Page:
For US teens, texting beats social networking by far for daily communication with peers, according to a Pew/Internet Project report released today. Nearly three-quarters (72%, up from 51% in 2006) of US teens send text messages daily, and 88% of teen cellphone users do. “Half of teens send 50 or more text messages a day, or 1,500 texts a month, and one in three send more than 100 texts a day, or more than 3,000 texts a month,” Pew says. I compared that “mere” 1/3 sending 3,000+ texts a month to Nielsen’s latest numbers, showing all US teen cellphone users sending and receiving 3,146, thinking Pew’s sounded more “reasonable.” But note that Nielsen’s referring to sending or receiving, not just sending. So Pew’s 3,000+ figure is pretty amazing. The sending plus receiving figure for one in three teens could be double, or 6,000, since a single text message is usually just part of a conversation or string of messages.
Pew seems to be saying that girls 14-17 own the space: That “entire cohort” averages 100 messages a day (sending), compared to the third of all teen cellphone users. “The youngest teen boys are the most resistant to texting – averaging 20 messages per day,” Pew found. As for texting vs. other forms of communication (we now need to make distinctions between purely communicating and entertainment or socializing, where digital devices are concerned): Though texting is No. 1 for communicating with peers, voice calls are No. 1 for doing so with their parents. Where social networking’s concerned, Pew says 25% of all teens contact their friends daily via social network site, vs. 54% of all teens who do so via texting. For 15-year-olds, the preferred communication methods with friends fall in this order: texting (54%), talk face-to-face (42%), calling on a cellphone (41%), social network site (40%, and SNSs have features like IM and email), calling via landline (37%), instant messaging (33%), and email (12%).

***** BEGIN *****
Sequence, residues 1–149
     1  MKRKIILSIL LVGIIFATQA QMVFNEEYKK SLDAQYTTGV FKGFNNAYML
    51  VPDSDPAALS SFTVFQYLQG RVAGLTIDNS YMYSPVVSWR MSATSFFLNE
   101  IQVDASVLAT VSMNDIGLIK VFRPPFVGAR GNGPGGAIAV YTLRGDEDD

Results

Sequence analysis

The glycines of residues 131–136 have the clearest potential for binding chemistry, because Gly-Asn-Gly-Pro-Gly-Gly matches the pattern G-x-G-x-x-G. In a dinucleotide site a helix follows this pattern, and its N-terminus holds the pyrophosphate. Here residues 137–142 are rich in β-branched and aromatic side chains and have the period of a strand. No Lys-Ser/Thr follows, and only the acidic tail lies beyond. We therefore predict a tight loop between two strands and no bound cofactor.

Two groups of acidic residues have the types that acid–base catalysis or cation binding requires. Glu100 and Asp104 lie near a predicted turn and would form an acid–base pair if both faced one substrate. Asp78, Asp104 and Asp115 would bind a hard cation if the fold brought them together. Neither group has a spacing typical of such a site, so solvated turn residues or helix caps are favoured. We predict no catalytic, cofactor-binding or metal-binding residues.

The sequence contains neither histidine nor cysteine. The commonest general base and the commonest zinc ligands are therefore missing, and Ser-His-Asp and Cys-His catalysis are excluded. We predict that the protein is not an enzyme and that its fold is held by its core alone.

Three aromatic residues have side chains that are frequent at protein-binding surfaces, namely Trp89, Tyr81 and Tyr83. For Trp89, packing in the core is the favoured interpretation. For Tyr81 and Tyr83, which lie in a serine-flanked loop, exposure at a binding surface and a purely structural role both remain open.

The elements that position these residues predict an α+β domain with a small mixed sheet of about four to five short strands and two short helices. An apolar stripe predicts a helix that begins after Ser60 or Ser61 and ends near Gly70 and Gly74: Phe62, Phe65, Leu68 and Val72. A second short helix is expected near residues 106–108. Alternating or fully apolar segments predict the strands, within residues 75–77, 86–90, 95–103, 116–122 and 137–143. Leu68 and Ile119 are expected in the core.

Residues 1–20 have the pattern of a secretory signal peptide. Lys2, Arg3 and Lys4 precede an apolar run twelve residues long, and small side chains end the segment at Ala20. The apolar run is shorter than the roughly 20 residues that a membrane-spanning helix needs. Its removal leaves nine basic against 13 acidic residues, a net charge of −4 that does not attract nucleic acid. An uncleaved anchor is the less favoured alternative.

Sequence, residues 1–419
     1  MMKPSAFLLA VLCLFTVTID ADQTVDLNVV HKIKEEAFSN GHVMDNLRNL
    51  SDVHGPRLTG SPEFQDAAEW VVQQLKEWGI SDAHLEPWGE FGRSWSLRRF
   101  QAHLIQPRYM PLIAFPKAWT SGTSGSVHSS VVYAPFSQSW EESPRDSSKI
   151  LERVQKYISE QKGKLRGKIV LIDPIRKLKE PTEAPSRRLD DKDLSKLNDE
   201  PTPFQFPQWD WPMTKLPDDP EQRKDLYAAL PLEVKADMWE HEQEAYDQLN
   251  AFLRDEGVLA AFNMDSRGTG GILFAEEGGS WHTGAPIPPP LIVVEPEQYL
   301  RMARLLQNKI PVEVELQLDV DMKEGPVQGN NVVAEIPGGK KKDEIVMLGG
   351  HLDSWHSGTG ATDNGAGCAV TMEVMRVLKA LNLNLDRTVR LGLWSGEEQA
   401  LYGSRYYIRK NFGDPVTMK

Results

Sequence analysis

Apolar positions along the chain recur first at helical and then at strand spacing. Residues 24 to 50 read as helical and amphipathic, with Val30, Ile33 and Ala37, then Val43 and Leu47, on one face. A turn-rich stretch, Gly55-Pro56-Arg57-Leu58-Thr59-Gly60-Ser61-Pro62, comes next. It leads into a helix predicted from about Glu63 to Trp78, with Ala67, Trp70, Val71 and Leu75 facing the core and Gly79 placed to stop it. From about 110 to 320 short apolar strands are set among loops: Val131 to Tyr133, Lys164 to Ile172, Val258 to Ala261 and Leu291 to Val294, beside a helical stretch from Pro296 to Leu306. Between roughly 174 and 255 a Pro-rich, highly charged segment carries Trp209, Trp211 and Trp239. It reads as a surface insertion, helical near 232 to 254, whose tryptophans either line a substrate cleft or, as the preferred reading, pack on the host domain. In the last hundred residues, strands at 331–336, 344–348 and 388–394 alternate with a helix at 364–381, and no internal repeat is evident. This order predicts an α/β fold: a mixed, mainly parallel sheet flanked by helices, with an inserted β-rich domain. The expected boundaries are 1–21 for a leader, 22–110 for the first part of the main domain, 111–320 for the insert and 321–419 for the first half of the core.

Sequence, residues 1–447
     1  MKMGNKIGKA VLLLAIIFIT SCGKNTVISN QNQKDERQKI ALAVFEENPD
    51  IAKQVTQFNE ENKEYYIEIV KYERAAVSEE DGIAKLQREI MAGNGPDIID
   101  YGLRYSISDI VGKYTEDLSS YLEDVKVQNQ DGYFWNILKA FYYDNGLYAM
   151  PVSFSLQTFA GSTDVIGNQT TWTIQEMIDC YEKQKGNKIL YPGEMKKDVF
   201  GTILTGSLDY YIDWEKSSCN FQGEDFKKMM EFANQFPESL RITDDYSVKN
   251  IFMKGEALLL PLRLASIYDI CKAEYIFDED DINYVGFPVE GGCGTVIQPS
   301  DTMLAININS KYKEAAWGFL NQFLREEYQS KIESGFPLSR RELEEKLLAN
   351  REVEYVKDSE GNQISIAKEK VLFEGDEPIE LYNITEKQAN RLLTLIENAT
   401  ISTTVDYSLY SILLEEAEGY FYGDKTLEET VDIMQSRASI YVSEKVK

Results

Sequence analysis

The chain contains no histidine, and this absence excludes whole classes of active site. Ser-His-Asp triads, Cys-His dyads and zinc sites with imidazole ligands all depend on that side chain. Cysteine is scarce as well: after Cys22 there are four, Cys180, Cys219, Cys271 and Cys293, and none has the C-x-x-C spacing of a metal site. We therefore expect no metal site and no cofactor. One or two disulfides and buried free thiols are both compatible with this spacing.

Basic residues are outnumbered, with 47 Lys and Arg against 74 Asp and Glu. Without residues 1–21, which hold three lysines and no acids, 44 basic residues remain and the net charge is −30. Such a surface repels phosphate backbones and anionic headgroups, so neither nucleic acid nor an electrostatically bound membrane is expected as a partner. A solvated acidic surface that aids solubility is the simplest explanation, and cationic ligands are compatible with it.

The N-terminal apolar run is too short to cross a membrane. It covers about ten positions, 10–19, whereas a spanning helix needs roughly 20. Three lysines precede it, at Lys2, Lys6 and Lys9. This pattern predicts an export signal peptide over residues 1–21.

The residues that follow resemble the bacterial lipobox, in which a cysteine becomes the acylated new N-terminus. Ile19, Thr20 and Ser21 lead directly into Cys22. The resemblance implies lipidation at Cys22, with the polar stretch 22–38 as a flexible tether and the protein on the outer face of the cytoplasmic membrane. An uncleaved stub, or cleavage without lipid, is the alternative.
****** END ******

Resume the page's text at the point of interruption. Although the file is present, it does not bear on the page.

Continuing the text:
And communication is obviously not the all of it. Pew reports that teens use cellphones to (good and neutral activities first): “Share stories and photos … entertain themselves when they are bored (just like adults) … micro-coordinate their schedules and face-to-face gatherings … go online to browse, participate in social networks, and check their emails.” Some also use cellphones to “cheat on tests and skirt rules at school and with their parents … send sexts…. Others are sleeping with buzzing phones under their pillows, and some are using their phones to place calls and text while driving.” There’s so much more to this report, which draws on both a survey and focus groups (quantitative and qualitative information), including chapters on how parents and schools regulate cellphone use, attitudes toward cellphones, and the fact that 84% of teen cellphone users had slept with their phones on or right next to their beds. For some that’s because it’s their alarm clock, but staying in touch appears to be the biggest reason: “Teens who use their cell phones to text are 42% more likely to sleep with their phones than cell-owning teens who do not text,” Pew says. Here’s the Washington Post’s coverage.